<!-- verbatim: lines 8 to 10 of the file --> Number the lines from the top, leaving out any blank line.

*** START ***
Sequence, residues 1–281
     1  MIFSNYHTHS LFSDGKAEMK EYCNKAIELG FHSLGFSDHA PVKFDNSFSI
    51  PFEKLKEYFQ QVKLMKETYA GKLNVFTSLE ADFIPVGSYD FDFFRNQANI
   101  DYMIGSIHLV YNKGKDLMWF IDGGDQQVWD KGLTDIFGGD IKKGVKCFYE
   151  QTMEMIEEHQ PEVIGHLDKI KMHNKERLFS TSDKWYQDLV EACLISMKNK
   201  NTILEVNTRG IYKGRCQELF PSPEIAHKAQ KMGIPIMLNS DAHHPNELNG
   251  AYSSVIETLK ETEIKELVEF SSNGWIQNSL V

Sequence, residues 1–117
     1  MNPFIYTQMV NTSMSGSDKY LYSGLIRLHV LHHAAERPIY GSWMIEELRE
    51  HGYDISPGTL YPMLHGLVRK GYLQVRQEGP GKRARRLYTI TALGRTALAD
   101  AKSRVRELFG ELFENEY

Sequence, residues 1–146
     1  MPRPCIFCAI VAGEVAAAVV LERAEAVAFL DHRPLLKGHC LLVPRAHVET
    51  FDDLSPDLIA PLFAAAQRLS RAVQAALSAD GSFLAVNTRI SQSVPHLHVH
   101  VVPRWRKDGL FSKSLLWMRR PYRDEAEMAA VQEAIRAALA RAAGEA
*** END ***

Sequence, residues 1–117
     1  MNPFIYTQMV NTSMSGSDKY LYSGLIRLHV LHHAAERPIY GSWMIEELRE
    51  HGYDISPGTL YPMLHGLVRK GYLQVRQEGP GKRARRLYTI TALGRTALAD